I am Ruthie Kolb, the new Training Manager at Colorado Youth Matter, and I happy to be joining the team. In my previous career as a high school math teacher, I was once asked at a conference with fellow teachers to brainstorm 5 characteristics we hope students, once they exit our classrooms and the educational system, have to begin adulthood. We responded with strong character attributes, not academic achievements. Sure, we wanted our students to remember what we taught them – to use proper grammar in their cover letters and apply arithmetic to their finances. But in our wildest dreams, we were teaching them something more, something illusive, a little je ne sais quoi. My dream list looked like this:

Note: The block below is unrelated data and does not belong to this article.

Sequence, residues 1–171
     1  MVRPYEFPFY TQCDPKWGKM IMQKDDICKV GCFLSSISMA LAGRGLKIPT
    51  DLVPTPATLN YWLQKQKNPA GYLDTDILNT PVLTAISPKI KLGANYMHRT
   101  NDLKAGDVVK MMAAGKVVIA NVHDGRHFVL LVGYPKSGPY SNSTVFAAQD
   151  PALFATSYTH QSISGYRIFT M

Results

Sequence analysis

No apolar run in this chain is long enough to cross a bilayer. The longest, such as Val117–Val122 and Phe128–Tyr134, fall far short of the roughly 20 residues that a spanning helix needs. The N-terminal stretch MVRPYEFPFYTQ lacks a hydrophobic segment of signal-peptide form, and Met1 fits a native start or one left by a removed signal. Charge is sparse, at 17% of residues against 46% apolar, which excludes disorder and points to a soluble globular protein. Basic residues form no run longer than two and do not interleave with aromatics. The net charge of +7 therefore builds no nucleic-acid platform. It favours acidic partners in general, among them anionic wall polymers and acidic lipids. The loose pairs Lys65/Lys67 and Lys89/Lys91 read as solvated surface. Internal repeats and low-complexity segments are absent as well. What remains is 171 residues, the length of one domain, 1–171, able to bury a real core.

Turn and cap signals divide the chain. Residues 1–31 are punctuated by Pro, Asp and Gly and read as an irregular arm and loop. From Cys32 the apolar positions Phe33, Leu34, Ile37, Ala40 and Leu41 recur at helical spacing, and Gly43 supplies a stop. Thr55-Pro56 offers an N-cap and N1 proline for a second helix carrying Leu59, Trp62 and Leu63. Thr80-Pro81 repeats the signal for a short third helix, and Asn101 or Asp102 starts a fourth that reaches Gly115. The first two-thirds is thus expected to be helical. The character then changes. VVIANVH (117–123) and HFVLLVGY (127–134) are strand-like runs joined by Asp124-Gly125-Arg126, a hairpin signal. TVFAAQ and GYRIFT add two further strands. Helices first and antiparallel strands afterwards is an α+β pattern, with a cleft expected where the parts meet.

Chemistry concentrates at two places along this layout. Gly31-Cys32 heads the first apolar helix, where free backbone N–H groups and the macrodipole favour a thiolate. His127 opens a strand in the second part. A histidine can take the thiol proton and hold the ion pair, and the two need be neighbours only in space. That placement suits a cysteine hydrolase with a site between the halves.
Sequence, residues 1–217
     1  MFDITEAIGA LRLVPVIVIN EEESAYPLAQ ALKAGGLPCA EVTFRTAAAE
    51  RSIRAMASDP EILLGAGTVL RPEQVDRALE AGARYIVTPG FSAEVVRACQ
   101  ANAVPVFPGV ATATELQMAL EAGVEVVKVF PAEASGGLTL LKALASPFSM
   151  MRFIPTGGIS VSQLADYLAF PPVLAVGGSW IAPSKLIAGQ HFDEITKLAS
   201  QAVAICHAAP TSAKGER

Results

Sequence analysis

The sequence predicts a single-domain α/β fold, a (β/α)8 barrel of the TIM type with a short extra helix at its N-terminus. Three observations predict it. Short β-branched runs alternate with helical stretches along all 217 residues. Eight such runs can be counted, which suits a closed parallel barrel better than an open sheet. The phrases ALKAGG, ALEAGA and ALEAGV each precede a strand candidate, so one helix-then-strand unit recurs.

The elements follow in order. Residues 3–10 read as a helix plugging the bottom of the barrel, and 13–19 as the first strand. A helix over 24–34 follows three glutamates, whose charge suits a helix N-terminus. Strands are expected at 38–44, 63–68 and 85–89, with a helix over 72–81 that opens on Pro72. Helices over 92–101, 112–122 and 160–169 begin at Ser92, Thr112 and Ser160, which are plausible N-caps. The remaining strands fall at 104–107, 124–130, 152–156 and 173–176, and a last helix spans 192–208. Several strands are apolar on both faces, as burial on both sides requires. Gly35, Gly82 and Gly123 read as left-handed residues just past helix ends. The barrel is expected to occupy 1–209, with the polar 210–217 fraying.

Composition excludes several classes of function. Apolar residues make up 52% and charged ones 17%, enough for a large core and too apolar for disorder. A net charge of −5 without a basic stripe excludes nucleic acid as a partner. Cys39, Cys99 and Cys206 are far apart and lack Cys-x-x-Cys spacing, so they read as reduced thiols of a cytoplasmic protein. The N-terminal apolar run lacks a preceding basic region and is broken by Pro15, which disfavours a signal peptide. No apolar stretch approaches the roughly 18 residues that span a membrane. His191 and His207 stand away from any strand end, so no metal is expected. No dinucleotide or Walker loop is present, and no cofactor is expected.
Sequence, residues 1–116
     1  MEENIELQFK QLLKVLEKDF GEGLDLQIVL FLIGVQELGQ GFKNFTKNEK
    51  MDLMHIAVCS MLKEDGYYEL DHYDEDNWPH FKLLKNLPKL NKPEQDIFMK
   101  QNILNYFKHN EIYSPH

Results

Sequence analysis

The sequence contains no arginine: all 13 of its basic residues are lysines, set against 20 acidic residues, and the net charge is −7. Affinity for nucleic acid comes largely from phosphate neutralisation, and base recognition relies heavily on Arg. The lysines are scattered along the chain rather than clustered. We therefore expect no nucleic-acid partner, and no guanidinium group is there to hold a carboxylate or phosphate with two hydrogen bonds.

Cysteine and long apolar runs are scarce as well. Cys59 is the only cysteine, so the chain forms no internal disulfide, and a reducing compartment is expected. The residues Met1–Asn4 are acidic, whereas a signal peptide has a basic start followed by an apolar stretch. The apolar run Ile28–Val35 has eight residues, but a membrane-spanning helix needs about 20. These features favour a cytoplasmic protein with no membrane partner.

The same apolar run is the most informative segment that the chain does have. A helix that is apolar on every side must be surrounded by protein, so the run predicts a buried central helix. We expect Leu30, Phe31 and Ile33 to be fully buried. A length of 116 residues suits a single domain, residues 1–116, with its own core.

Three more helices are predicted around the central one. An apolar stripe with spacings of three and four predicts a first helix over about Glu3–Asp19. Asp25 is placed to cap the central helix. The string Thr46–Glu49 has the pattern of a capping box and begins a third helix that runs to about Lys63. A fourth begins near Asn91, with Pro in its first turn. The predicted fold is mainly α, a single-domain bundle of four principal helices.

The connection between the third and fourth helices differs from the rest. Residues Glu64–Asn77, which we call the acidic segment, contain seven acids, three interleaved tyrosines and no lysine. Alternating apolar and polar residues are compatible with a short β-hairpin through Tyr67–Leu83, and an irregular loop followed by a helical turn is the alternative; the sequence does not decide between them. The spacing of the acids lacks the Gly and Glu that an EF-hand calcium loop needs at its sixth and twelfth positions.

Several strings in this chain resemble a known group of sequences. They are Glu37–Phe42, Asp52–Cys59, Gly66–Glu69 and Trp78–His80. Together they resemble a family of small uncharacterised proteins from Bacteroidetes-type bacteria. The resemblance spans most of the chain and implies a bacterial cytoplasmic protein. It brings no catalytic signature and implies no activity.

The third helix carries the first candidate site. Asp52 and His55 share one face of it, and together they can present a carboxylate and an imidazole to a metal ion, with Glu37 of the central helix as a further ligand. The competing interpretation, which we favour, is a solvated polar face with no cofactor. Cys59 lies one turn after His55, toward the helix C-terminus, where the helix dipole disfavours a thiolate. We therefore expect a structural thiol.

In fact, despite the difficulties facing researchers to define and measure intangibles, a study at the Virginia Commonwealth University found in 2010 that emotional intelligence was a greater predictor of a person’s working success than their IQ. Formerly, social and emotional intelligences were considered unteachable personality characteristics. People were either born with umpf, people skills, perseverance, and responsibility or they weren’t.
But what if these were not set-in-stone characteristics, but rather trainable skills? What if we could write curricula in such a way that we were directly and indirectly teaching these personal attributes along with reading, writing, and arithmetic? What if, by mixing person-building and academic coursework, the students who formerly struggled academically began improving in all areas of their lives?